Notes: Poulter works on putting; Eyes on Olympics

By Doug FergusonFebruary 10, 2015, 7:18 pm

PEBBLE BEACH, Calif. – The golf world has seen Ian Poulter making five straight birdies in the 2012 Ryder Cup to win a pivotal match and swing momentum toward Europe. It has seen him holing key putts in winning a pair of World Golf Championships.

Poulter has seen the statistics. And he didn't like what he saw.

For a guy reputed to be among the best with the putter, Poulter spent the last eight weeks working harder than ever on the one part of his game that wouldn't seem to need much work. Except that when Poulter studied his putting statistics for 2014, he wasn't happy.

''I think too many people comment on putting that's happened probably in the Ryder Cup and seem to think that I'm a great putter,'' he said. ''When you actually dissect the stats like I did at the end of last year, my putting was nowhere near acceptable.''

He was No. 172 on the PGA Tour in putts holed from 10 to 15 feet. And on par 5 scoring performance – a large part of that is putting for players who can't routinely reach the green in two – Poulter ranked No. 122.

Perhaps more disturbing was to realize how much it was costing him.

Poulter added a little mystery to self-analysis by mentioning an unidentified player whose statistics were eerily similar from tee-to-green. This player doesn't hit it further off the tee. They both hit about the same percentage of greens in regulation.

''But he holed more putts from 10 to 20 feet than I did,'' Poulter said. ''He won $3 million more than me last year.''

Poulter wasn't clear on which statistics he was using – he mentioned 10 to 15 feet, 15 to 20 feet and 10 to 20 feet for his putting statistics – but one possibility for this mystery player is Chris Kirk. Poulter said the player was in the top 10 in the area where the Englishman did poorly. Kirk was in the top 10 on putts made from 10 to 15 feet and par 5 scoring performance. He made about $3.2 million more than Poulter last year.

Poulter's broader point is that his putting has been poor and he is determined to fix it. He said some big tournaments where he made a lot of putts can be a ''smoke screen.''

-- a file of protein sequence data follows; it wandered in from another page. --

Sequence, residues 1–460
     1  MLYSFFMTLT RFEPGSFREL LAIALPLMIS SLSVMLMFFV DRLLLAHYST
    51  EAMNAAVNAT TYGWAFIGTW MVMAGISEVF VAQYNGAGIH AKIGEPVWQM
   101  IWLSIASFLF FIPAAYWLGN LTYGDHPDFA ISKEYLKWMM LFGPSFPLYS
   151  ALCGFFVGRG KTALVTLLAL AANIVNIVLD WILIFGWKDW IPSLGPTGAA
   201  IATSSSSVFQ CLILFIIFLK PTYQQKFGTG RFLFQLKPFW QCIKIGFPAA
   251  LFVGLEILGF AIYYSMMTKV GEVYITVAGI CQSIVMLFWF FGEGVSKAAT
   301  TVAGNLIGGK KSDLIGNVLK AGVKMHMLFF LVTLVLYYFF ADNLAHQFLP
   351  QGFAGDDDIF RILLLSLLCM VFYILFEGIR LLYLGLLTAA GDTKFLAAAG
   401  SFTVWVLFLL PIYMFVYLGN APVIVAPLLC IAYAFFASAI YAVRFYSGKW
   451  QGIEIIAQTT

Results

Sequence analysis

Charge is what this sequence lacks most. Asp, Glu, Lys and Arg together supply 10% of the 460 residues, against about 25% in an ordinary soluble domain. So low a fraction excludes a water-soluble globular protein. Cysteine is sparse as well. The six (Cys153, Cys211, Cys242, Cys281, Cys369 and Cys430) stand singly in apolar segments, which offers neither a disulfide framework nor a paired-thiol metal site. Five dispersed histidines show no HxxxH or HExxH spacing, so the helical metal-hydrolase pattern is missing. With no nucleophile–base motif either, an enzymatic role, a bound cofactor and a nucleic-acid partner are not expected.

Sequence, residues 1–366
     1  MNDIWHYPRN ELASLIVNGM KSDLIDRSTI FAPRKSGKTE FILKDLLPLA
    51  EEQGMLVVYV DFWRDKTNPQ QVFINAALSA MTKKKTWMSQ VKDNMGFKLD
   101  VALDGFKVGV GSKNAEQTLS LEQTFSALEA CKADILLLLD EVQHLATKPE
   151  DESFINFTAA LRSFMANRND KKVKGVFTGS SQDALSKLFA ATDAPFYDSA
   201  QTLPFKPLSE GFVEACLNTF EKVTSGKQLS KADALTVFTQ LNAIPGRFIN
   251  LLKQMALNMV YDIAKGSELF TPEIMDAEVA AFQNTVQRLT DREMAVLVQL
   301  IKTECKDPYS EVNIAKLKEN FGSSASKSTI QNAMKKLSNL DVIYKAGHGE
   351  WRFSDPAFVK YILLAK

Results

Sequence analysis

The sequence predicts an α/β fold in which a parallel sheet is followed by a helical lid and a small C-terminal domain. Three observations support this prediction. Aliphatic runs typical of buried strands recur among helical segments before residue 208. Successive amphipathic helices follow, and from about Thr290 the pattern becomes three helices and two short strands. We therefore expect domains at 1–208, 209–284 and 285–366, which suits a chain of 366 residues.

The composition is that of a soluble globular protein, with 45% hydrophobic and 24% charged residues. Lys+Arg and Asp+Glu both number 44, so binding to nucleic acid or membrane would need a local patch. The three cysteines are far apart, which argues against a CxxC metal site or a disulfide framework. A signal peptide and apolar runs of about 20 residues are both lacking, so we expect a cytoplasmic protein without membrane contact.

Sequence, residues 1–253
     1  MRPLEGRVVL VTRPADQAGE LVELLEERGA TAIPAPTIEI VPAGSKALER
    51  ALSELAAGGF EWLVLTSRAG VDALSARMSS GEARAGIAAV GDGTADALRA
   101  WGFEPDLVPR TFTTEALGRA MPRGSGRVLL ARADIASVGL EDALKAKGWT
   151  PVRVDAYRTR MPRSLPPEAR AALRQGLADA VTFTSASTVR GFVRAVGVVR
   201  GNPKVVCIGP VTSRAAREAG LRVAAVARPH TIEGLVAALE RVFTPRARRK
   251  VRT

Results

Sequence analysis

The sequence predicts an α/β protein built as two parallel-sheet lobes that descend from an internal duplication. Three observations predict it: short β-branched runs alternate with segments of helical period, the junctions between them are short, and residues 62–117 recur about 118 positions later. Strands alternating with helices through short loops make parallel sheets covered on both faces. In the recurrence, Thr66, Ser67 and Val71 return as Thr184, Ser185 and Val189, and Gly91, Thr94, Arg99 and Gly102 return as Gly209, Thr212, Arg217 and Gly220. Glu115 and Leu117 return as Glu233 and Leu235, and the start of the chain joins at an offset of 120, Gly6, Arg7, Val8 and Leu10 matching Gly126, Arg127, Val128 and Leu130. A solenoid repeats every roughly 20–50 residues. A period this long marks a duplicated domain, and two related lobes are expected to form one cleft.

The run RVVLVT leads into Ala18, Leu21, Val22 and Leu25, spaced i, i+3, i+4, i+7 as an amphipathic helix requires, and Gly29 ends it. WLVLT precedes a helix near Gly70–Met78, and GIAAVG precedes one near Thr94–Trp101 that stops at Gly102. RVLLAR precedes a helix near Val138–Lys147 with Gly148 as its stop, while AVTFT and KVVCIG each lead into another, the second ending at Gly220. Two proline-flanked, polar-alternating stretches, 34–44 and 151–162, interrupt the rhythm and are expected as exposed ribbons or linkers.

''I am a good putter,'' he said. ''But I miss putts, and that's a problem. I'm addressing that right now. ... The numbers don't lie. You have to take it on the chin sometimes. You think an area is good and you find out something different from the numbers. They are unacceptable numbers and they will be worked on.''


OLYMPIC GOLD AND THE TRICOLOR: Rickie Fowler drew chuckles when he referred to playing in the Olympics as ''a dream come true that I haven't ever dreamt of.'' That makes sense. Golf hasn't been in the Olympics since 1904, and Fowler was still in college when the sport was voted in for the 2016 games in Rio.

Carlos Ortiz never dreamed of being an Olympic athlete, either. But the PGA Tour rookie from Mexico is close to making it a reality. And he has reason to like his chances.

''Of course, I want to play. I'm really excited about that,'' Ortiz said. ''It's a little easier for me than some of the guys out here to get into that.''

Countries can only send a maximum of two players – four players if they are in the top 15 in the world – until the field reaches 60. Mexico only has three players listed anywhere in the world ranking, and the other two are nowhere near Ortiz at No. 135. He won three times on the Web.com Tour last year and already has three top 20s in his rookie season on Tour.

Ortiz currently is No. 43 in the Olympic ranking. Fowler is No. 12 in the world, behind four Americans, and thus is not listed.

''If I keep playing good, I believe I'm going to be in the Olympics,'' Ortiz said. ''And I believe that's going to be another major. It's very exciting. I grew up watching Winter Olympics, Summer Olympics, the normal sports. With golf, it's a dream come true. Any guy dreams of getting a gold medal for their country.''